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was:

<table >
  <tbody   >
    <tr   >
      <td valign="..."     style="..." >
      ...  

client should obtain: (you dont need any whitespace in view's output!)

<table><tbody><tr><td valign="..." style="">...

what is rails 3 way to do this without bicycles?

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Is this in your templates or in user-entered content? –  Douglas F Shearer Jun 29 '11 at 8:50
    
in my templates. user-generated html should go through sanitize before applying such strip –  puchu Jun 29 '11 at 8:53
1  
if this is in your templates you should fix these issues in your editor, if you're looking for a way to automate this you're asking the wrong question –  Lee Jarvis Jun 29 '11 at 8:55
    
Would HAML produce a cleaner markup? I honestly wouldn't care. If it's valid, it's valid. Generated markup is never going to look as clean as hand-written markup. But if it's valid, then I'm happy. –  d11wtq Jun 29 '11 at 8:59
    
you dont understand. in views you have pretty formatted code. but in view output you don't need whitespace. –  puchu Jun 29 '11 at 8:59

2 Answers 2

This is really an aesthetic issue, and doesn't have any effect on browser rendering. If you're worried about "minimizing the page size", this would not give you any noticeable changes (and would cost you server power to cleanup the output on every single request). Enabling server gzip compression would be a far better option.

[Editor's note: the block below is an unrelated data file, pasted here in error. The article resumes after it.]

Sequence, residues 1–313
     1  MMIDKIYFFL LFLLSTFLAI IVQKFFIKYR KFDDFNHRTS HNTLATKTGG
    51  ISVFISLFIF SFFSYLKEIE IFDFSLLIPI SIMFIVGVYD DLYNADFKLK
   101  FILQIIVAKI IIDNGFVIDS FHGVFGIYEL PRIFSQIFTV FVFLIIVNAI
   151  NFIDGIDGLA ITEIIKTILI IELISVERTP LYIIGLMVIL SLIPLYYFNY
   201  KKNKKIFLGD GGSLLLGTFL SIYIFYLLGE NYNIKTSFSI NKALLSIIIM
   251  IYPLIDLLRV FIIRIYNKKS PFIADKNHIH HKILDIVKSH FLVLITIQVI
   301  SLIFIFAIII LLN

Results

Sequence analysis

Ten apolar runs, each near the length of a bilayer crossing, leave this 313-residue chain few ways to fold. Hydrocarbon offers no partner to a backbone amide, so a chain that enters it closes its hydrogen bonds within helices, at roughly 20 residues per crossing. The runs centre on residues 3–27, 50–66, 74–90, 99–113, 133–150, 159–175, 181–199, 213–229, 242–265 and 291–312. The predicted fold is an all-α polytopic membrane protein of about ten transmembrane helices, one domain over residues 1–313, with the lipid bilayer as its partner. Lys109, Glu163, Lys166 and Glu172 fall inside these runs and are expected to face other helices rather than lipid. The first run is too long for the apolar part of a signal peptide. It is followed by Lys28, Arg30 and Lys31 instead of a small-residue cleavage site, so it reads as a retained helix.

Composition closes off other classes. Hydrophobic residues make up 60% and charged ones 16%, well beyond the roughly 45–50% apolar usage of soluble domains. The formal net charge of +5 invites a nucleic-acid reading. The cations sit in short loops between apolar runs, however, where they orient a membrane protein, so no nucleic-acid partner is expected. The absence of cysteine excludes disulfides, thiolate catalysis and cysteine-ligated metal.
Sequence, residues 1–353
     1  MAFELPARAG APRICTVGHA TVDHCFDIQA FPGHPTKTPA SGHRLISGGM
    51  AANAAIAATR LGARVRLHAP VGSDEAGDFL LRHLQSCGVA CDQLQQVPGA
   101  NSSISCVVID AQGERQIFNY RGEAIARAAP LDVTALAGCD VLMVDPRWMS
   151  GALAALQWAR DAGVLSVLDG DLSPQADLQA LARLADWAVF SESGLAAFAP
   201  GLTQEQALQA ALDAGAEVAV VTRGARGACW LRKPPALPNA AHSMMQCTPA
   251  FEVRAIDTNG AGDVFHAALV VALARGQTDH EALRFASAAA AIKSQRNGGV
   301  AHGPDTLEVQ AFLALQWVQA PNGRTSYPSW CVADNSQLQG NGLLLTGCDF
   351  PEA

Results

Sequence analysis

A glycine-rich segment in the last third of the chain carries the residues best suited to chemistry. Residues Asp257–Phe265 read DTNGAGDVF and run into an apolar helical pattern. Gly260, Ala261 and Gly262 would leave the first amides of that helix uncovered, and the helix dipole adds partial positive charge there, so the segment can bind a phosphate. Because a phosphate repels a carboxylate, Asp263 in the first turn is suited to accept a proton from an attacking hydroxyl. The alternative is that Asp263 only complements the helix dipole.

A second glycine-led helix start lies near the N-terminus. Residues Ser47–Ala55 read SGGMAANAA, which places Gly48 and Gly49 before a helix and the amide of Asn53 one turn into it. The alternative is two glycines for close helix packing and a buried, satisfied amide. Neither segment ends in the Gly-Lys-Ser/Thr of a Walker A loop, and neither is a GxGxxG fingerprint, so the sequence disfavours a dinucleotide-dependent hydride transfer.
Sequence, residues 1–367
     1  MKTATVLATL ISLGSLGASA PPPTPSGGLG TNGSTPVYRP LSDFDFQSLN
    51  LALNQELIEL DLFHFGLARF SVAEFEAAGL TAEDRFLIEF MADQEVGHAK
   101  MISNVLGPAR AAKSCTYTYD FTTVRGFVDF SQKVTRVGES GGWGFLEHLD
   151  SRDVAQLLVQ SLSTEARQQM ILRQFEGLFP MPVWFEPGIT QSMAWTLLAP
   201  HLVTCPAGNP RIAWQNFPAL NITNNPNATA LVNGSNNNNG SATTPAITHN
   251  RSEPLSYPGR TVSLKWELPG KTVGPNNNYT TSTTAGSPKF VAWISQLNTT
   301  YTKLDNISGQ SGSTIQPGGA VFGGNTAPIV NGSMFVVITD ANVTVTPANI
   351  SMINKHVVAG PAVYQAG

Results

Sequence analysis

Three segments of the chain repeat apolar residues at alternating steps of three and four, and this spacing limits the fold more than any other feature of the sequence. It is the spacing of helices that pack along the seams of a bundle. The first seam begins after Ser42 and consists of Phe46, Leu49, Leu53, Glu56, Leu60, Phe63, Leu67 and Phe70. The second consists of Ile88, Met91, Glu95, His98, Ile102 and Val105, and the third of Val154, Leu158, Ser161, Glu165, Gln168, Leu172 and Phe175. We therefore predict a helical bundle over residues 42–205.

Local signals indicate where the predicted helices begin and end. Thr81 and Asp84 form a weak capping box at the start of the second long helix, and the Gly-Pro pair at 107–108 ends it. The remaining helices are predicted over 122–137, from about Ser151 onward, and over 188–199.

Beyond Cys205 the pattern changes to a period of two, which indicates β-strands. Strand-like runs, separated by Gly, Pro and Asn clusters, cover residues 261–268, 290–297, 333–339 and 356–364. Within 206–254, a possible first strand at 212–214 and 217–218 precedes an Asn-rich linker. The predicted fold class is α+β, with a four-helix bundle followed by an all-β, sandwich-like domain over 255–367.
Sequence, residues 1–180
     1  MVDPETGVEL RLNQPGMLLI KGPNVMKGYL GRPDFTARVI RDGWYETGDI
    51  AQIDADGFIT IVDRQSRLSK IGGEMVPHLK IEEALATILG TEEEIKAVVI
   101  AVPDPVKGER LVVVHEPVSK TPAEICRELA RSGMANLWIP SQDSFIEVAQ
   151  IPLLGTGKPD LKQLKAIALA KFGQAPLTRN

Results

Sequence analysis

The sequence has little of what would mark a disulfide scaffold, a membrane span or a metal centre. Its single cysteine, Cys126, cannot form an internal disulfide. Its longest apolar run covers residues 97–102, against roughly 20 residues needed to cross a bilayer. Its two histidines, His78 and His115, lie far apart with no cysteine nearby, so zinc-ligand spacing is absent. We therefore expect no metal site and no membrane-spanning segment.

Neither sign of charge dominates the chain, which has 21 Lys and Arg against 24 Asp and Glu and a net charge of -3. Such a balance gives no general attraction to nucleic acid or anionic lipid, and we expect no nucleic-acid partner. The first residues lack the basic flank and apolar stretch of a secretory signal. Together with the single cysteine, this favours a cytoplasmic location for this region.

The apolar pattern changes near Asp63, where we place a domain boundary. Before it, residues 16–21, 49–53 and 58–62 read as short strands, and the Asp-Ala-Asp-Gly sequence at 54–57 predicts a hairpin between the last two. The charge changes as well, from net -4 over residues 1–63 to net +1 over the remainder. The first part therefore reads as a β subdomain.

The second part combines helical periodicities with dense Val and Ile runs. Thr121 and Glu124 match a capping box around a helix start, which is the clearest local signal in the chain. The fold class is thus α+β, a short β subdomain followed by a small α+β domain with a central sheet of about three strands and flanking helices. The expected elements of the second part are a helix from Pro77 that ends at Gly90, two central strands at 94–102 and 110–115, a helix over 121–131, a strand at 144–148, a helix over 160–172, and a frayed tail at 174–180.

However, if you are sure you want to do this, then checkout Tidy

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simpliest page cache store output, right? any questions? –  puchu Jun 29 '11 at 9:40
    
+1 for just using gzip compression if this is a bandwidth thing. If it's an aesthetic thing, just use HAML. –  d11wtq Jun 29 '11 at 9:46
    
standart project page: without gzip: +10%, gzip level 9: 2%. stripping html, minifing css and javascript is a simple way to make your site lighter. aesthetics here is not to blame –  puchu Jun 29 '11 at 9:49
    
Gzipping alone should provide you with about 70% size reduction (source: developer.yahoo.com/performance/rules.html#gzip). Try the "asset packager" plugin to minify your css and js. This will tremendously help you in making your site lighter. –  Faisal Jun 29 '11 at 14:13
    
you shoul think and read man before commenting. i have written: without gzip: +10%. it means size of my html page is 100%. stipped - 110%. i said nothing about difference between ungzipped and gzipped. dont let me obvious things –  puchu Jun 29 '11 at 14:31

If you're using HAML, you can specify option :ugly to instruct it to not indent your generated html.

More informations in documentation.

Id don't know about any setting for erb, but from my understanding, erb doesn't format your code, you format if. If you want to not indent your html, you should write it as such (or preprocess your erb templates before deploying)

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